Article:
As an investor, you may technically be a business, which means you could get business tax deductions!
These can include expenses such as:
A good tip is to save all of the receipts for anything you buy that relates to your property. If you have to buy a new appliance, hire a landscaper, or take on a property manager to care for your tenant, you’ll want to keep a detailed record of the purchases to see if they can be written off at the end of the year.
While there are many rules to follow under the 1031 Exchange of the Internal Revenue Code (IRC), it may allow you to defer all of your capital gains when acquiring a new property.
Essentially, a property investor can sell their property and then, within a set number of days, invest the profits of the sale into a like-kind classified property. The investor can hold off on paying the tax on the capital gains of the sale, which they would normally have to pay, and instead invest those funds into a newly-acquired property.
If you’re looking to build up your portfolio and upgrade properties, this is a tax law to be aware of.
If you’ve deprecated your property, this could potentially save you from having to pay a depreciation recapture tax.
Of course, there are many rules to follow and the sale and purchase have to be completed on a set timeline as well. Luckily, we have an entire article dedicated to the 1031 exchange that you can view here>>.
This tip only applies to investors who have sold a property within the last year or are planning to sell a property.
Capital gains are the amount you make after selling an asset. For example, if you bought a property for $300,000 and sold it for $400,000, then your capital gains are $100,000.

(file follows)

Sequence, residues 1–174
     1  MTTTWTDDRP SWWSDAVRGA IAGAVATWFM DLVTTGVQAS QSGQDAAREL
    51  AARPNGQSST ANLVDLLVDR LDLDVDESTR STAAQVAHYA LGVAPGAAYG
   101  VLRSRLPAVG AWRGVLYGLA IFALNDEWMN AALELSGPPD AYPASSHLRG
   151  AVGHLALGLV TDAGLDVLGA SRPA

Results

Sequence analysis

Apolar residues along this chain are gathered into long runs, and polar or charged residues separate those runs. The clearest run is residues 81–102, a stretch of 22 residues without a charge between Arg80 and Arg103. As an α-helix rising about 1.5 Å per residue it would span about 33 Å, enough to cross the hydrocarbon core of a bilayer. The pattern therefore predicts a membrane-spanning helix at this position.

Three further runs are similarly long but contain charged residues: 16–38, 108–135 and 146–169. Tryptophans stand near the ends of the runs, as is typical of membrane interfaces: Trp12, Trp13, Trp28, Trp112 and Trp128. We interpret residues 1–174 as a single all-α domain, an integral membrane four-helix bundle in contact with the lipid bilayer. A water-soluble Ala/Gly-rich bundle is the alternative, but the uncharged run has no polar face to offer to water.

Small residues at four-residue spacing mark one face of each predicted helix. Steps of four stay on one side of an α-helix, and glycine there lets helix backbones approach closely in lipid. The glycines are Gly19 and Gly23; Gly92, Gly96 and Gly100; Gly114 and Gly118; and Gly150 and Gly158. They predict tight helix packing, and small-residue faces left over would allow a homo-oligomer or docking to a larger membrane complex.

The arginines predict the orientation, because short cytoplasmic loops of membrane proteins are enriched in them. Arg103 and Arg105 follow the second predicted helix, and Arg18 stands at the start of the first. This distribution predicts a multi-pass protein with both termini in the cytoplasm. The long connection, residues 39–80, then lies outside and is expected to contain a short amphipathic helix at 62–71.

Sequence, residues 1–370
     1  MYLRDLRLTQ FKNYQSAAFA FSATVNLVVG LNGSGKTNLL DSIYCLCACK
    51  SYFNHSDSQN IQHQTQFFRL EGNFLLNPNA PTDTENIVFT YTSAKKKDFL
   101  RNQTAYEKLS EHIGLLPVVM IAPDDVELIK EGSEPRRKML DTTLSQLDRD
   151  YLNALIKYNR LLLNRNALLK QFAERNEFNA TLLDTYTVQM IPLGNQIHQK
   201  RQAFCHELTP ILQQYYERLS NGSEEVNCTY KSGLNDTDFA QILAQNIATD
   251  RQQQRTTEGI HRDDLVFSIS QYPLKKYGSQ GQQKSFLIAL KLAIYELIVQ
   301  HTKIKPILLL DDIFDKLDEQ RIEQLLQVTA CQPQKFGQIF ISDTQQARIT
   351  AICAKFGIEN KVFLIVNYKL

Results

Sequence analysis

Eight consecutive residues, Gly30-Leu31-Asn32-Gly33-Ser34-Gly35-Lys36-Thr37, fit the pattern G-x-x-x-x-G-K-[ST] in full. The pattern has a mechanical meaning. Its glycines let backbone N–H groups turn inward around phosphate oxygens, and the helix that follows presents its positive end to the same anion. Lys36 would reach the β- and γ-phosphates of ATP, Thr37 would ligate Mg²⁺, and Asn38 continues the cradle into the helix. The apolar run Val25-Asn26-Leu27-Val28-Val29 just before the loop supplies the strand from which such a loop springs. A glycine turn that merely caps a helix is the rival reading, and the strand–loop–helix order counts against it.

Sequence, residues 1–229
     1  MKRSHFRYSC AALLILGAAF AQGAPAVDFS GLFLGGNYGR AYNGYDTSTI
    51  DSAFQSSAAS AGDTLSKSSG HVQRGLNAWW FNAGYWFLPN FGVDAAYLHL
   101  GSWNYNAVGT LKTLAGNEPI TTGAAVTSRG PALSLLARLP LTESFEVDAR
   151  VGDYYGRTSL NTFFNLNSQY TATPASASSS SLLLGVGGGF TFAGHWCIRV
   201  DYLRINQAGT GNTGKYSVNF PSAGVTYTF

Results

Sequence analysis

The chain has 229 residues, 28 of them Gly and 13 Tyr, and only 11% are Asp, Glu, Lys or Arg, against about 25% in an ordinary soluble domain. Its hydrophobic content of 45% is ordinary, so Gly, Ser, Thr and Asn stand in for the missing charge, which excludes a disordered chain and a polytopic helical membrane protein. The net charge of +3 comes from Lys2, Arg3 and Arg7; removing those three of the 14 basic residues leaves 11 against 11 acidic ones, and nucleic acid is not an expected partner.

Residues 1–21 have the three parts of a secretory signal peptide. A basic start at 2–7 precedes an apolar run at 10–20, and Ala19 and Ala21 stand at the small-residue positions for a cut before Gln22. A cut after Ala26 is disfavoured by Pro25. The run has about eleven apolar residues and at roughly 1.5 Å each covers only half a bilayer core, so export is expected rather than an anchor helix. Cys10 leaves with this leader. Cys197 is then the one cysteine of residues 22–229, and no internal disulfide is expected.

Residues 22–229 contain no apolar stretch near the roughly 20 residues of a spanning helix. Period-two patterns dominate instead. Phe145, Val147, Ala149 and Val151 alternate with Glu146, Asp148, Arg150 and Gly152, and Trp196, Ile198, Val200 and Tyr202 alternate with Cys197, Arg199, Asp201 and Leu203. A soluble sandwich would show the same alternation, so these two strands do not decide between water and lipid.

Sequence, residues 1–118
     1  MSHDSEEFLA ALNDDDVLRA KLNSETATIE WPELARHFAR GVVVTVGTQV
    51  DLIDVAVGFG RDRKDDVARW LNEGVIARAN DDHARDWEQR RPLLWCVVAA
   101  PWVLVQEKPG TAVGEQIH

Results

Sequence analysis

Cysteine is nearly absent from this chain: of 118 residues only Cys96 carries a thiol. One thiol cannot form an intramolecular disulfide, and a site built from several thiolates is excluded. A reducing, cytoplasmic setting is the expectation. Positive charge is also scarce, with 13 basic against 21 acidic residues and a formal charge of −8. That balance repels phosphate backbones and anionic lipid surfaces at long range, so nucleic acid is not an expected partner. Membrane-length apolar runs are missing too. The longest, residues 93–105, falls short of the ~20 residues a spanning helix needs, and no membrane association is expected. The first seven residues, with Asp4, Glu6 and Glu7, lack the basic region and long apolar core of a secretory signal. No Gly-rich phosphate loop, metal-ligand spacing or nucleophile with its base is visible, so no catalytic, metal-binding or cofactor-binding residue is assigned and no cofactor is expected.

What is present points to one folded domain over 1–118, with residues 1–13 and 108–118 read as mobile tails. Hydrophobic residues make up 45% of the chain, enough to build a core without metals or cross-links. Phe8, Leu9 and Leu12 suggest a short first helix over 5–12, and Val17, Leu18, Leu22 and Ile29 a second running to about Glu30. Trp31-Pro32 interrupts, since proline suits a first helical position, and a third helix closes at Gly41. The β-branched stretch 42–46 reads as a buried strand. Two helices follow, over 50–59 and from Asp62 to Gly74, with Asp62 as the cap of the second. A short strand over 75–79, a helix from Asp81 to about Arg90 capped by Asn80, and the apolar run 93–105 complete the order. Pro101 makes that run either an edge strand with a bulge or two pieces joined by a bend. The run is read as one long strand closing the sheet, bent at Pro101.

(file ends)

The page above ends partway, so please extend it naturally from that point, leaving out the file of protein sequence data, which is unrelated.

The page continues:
However, if you buy a property and sell it before you’ve held it for a year, you may be subject to a 10-37% tax on whatever gains you make, depending on your filing status and total gains.
So, if you’re a single filer and you fall into the 32% tax bracket, you’ve got to fork over $32,000.
However, after holding property for over 365 days, if you decide to sell, then the tax brackets on those capital gains is 0-20% versus 10-37%.
In our make-believe scenario, instead of $32,000, you could pay only $15,000. That’s $17,000 back into your pocket.
If you’d like to learn more about both short-term and long-term capital gains, then I recommend you check out this post here>>.
During tax season, there are many different elements for single-family investors to consider. However, there are tax deductions for rental properties that investors can use to their advantage.
Overall, there are many different tax benefits for rental properties available and the important part is to be aware of them so that you can be prepared for tax season.
Of course, this post is no substitute for a CPA, and we recommend that you consult with one so that they can advise you on your specific situation and expenses.
If you’d like to learn more about single-family investing, then check out our guide to investing in single-family properties.